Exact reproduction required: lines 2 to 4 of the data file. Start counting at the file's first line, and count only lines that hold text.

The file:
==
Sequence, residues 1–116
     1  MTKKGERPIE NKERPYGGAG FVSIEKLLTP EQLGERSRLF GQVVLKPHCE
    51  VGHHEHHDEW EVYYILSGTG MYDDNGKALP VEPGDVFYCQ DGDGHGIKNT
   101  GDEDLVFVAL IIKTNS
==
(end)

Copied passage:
     1  MTKKGERPIE NKERPYGGAG FVSIEKLLTP EQLGERSRLF GQVVLKPHCE
    51  VGHHEHHDEW EVYYILSGTG MYDDNGKALP VEPGDVFYCQ DGDGHGIKNT
   101  GDEDLVFVAL IIKTNS